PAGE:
A driving tour of New Mexico with friends took us through boom towns and ruins, surface and subterranean phenomena and fields of petroglyphs long abandoned. New Mexico’s artists past and present have opened their creative hearts and minds to the magnificent emptiness, vast skies and distinct color palate of the hardscrabble landscape. A small measure of danger inherent in the high desert with its venomous snakes, flash floods, ghosts and rogue humans heighten the experience, because who can truly feel alive without a whisper of mortality.
The environment required for artwork to emerge involves a complex web woven from tangible objects, a rich inner world, dedication and time. Financial and emotional stability are optional.
Wild animals in the desert survive the harsh environment with a balancing act of mysterious skills and the iron clad fortitude mandatory for climactic extremes. My artist friends in New Mexico are the same.
I’ve known Victoria for nearly thirty years and recently met Ricky. It was instantly apparent why they were such good friends. Their meeting must have been magnetic because they are somewhat unusual in a similar way. They each possess the ability to see alternate worlds in the gravel most of us step on to get somewhere else. A random spot on the ground reveals evidence of long extinct creatures and crumbs of civilization meaningless to most of us. They have patience, on the scale of geologic erosion, to ferret out such mysteries.
There is much to be learned given time. Naturally occurring mud balls, bits of turquoise on railroad beds, arrow heads on hillsides and burnt corn cobs in fire rings from centuries passed are everyday ordinary for slow walking explorers with refined perspicacity.
It could be that observation and imagination stand apart, but I had the distinct feeling that Victoria and Ricky’s similarity in character was a clue to how their respective artwork evolves. Victoria paints her dreams. Ricky builds worlds that are like walking into dreams.
Orbs randomly scattered in the brush along the dirt road to Ricky and Alex’s place on closer inspection turned out to be decaying bowling balls. Great balls of wire, an elegant globe of garden hoses and unidentified plastic spheres also adorn the grounds. A number of florescent papier-mâché balloons hung on a laundry rack inside the front door, but they were not immediately apparent in the creative chaos.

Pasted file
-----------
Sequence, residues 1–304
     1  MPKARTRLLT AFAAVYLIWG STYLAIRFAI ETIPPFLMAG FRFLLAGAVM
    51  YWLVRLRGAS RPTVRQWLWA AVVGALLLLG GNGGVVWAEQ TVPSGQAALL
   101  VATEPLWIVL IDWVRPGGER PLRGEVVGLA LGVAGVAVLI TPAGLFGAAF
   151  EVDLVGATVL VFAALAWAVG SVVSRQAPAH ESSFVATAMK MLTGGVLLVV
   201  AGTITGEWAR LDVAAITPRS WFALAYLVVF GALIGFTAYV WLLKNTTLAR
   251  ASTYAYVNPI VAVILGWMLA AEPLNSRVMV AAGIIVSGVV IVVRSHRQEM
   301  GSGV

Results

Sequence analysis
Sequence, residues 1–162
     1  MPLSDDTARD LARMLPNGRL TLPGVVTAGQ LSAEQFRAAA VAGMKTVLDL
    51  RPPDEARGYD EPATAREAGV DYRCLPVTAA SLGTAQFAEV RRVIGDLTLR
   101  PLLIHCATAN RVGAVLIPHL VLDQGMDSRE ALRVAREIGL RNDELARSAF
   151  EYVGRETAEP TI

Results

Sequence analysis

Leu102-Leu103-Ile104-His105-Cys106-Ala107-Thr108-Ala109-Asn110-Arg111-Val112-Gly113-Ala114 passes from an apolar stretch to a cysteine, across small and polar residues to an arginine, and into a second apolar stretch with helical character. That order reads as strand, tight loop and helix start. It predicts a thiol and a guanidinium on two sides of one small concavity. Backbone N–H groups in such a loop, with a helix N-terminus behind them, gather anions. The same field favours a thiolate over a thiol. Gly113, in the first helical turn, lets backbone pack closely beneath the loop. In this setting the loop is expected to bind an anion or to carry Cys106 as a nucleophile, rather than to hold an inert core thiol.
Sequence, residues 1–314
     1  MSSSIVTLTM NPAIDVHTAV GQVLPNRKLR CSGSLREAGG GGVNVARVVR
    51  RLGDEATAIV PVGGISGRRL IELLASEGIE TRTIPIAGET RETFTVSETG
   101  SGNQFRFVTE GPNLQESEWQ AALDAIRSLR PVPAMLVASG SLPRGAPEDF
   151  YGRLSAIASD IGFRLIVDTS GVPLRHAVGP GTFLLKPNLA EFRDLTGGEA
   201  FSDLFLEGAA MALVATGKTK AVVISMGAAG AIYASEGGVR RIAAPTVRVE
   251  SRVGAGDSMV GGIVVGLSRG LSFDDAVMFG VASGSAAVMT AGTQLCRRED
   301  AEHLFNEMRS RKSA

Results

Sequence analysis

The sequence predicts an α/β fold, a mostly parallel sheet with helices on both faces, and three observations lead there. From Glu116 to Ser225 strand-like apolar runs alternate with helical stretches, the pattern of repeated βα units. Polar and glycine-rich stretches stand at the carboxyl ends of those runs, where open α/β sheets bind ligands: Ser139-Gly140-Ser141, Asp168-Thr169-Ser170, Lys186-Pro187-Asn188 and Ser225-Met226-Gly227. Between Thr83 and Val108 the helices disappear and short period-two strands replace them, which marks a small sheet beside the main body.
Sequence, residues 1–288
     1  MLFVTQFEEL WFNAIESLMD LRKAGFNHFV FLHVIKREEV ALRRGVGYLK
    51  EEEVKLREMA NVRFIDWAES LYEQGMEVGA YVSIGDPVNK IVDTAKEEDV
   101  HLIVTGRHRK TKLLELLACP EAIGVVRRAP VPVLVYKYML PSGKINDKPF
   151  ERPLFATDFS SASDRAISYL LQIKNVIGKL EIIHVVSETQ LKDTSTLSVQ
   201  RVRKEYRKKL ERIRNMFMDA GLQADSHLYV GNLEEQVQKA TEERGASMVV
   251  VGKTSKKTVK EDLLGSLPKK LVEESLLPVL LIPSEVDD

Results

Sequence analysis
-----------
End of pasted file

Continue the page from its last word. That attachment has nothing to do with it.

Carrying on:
I had to quietly take in the surroundings before elegant patterns of order emerged. How was it possible? There was no direction that did not bring a smile. The house is underground, lit by a glass wall on one face and skylights through to the earth above. We eventually wandered to the back of the house to tables full of round polished stones. Ricky placed one in my hand. It was heavy and felt weird, like it might talk. An image of a sci-fi wormhole came to mind. Ricky told me how long it had taken him to acquire the beautifully polished meteor. Most people save up for cars or televisions, but in New Mexico it’s not wholly unusual to find someone who longs for rocks from outer space.
In Victoria and Virginia’s house an ascending row of perfectly formed mud balls collected from a nearby dry wash adorn the fireplace mantle. Their artwork fills the walls with thought provoking images. The yard is a haven for coyote, raptors, rabbits, ravens and more. Plentiful holes in the ground house lord knows what. The cat must stay inside or be carried off by wild dogs.
Victoria’s artwork inspires artists. She encourages old and new painters to open their minds. I love her work, although writing critically about art is a skill I will leave to experts.
What I can attest to are the moments of wonder that I experienced when Victoria handed me a potshard from a pile of rubble or an exquisite piece of petrified wood that was mostly buried in sand, because I would never have seen them if not for my friend. I left convinced that highly tuned powers of observation honed by long hours bent to the task reward the viewer tenfold, although much patience and curiosity are required. We visited Ricky and Alex’s wonderful place because Victoria knew I would love them and their work. And possibly because I stood a decent chance of being spoken to by a vision enhancing, magical meteor.
Shortly before I left New Mexico we went to a nearby riverbed after a flood to look for mud balls. I doubt I would have found them on my own because they look just like dirt until plucked from the surrounding debris.
How do they do it? Apparently, with the long stare of a stalking coyote, raptor like vision and the serenity of a hibernating snake.